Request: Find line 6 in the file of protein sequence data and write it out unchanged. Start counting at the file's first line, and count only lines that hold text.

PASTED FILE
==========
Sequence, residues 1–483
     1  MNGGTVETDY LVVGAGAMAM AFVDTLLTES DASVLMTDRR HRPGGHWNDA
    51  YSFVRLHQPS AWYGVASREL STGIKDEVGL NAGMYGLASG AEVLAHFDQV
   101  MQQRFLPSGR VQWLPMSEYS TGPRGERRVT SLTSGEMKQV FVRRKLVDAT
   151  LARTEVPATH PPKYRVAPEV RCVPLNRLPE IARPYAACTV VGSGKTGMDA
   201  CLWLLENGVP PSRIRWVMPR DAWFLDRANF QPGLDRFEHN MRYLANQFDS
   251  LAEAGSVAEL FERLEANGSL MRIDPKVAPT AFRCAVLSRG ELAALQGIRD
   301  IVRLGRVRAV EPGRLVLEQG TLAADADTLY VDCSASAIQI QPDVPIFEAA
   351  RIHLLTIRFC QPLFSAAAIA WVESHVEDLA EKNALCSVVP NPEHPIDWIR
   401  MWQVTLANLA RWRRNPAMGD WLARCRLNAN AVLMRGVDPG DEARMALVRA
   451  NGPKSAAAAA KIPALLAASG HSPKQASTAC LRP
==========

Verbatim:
   201  CLWLLENGVP PSRIRWVMPR DAWFLDRANF QPGLDRFEHN MRYLANQFDS